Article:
And, I gave in to the way it was….for now: You tube kept my spirits up:(‘Look Out Any Window’ sung by Bruce Hornsby) https://www.youtube.com/watch?v=cBSeEcFiTWA (appropriate, eh?) OR (‘That’s Just Way It Is’ also by Bruce Hornsby) https://www.youtube.com/watch?v=cOeKidp-iWo (And, innumerable others, as it became a habit to listen to music while getting dressed in the morning)/Kindle books on my iPad/movies through iTunes or other sources/emails/Skype. Wow…what a variety of ways to ‘entertain’ myself while in ‘sick’ travel mode, as compared to just a few years ago.
At the beginning of the week, I started to venture out. I was feeling revived and had convinced myself that the residual of my symptoms were related to jet lag and the stress of last-minute arrangements I had to attend to before leaving California. I remember stepping out and literally pinching myself! I really had arrived!
However, on Wednesday morning I woke up and realized I couldn’t speak, but with an eek and a squeak, along with my other symptoms back again with a vengeance and, now, could not be ignored!
So, in Paris, my next step was to call SOS Medecins! I think it is one of the most brilliant services offered on this planet. I have called the SOS Medecins phone number, with prior arrivals (bronchitis) and they passed me on to a staff member who speaks enough English to get my information. This time though, I couldn’t speak in a strong enough voice to be understood!
Instead, I figured out I had better email a local friend of mine, as well as the apartment rental concierge to see who would return my ‘call out for help’ first. Around 2PM, my friend was able to call them for me and describe the exact location of my apartment, as it takes more than just an address in Paris for someone to get to your apartment door.
In the past, a doctor arrived within a couple of hours of the time I had called. This time, it was over 5 hours later, but the service called me after about 4 hours (just when I was starting to get anxious) to reassure me that they had not forgotten about me.
When the doctor arrived, he apologized for his lateness (Paris had an epidemic of the flu) and then took one look at me (yes, he actually looked at me, took my vital signs, which were so out of whack he did an EKG and then starting writing prescriptions…5 in all. One was a double dose of antibiotics. Along with all his writing, he exclaimed, “You are SICK!”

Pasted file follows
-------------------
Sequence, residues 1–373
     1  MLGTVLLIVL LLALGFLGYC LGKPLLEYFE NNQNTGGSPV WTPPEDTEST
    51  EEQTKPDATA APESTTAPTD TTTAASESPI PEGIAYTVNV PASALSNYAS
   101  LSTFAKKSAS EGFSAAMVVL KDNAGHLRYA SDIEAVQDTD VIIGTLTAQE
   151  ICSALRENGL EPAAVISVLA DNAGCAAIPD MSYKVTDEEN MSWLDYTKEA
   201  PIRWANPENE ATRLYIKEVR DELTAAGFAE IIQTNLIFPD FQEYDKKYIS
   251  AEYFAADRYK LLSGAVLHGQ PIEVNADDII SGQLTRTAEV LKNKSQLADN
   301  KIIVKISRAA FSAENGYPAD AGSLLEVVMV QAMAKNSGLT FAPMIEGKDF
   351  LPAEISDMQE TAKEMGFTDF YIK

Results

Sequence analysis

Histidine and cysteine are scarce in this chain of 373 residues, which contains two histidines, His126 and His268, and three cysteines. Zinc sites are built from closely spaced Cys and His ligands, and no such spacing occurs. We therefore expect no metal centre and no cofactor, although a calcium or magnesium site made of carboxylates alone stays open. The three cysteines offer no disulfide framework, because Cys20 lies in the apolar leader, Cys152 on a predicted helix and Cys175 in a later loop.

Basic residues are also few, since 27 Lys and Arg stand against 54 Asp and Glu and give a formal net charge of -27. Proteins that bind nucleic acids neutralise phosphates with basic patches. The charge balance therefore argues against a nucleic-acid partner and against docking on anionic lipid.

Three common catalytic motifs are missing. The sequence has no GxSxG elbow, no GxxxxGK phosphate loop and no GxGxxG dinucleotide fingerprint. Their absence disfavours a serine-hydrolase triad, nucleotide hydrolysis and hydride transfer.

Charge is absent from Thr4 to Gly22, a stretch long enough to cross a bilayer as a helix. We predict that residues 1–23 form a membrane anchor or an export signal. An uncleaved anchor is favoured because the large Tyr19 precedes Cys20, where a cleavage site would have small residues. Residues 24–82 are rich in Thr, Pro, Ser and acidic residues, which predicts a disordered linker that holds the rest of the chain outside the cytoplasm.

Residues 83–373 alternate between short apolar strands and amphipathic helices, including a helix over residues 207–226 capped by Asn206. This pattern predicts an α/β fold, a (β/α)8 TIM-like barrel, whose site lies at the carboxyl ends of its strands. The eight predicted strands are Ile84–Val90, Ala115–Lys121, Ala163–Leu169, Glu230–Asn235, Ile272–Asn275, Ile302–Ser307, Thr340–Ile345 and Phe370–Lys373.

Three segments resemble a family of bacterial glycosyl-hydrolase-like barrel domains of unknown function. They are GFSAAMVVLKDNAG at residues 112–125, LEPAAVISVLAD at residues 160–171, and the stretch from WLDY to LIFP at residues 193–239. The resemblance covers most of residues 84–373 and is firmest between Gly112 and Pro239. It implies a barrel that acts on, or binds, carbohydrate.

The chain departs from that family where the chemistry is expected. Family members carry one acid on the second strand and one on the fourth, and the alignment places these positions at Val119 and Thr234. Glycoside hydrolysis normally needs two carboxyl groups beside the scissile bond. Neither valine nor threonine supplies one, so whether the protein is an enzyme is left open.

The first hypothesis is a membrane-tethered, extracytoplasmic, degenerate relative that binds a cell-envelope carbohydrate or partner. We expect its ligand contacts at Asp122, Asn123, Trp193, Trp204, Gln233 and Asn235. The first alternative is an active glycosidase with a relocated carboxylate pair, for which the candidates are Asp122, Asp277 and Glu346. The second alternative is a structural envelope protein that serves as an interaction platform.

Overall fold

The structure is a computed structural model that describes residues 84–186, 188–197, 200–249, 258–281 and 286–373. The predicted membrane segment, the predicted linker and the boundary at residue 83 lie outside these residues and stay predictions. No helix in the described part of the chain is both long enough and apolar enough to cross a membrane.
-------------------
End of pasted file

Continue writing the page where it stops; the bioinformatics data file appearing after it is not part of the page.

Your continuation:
He gave me a list of all the illnesses he felt I had. He also made it clear how contagious I was. Although he grew up in Poland, he was now married to a French woman, thus his life in Paris. Between my whisper of an American voice and his Polish/French accented English voice and a few notes jotted on paper–remember this–we communicated, and you can too, in a foreign country! Lastly, another gesture was offered that helped me to feel he was taking care of me. He gave me his personal cell phone number, just in case my recovery did not go as hoped….so continuity of care was even offered!
You may already know there is a pharmacy (green cross signage) on almost every block in Paris. And, fortunately, the one just down the block was still open, as it was now after 8PM. I didn’t have to ask, but make sure you get forms for your insurance company from both the doctor and the pharmacist, so you can get reimbursed.
By the way, my concierge person kept in contact with me throughout the day and even offered to fill my prescriptions for me. I only declined because I wanted to make sure I got them before the pharmacy closed that evening and I wasn’t sure she could make it over to my neighborhood in time.
I was later told that in most cities or towns in France, SOS Medecins or an emergency doctor exist to make a house call. To back this up, I noticed the service was listed in my apartment information in Nice too. Also take note, SOS Medecins, at least in the larger cities, is a different service number than calling for an emergency or ambulance or fire, for instance.
The medical tools that now exist make this type of visit even more appropriate and more successful. Although my combination of illnesses meant even more time spent in my Parisian apartment, I was, thanks to SOS Medecins, ON THE MEND! Cheers! Judy
(SOS Medecins’ service is offered 24/7. Their phone number in Paris is: 01 47 07 77 77.) What has been your experience in other countries?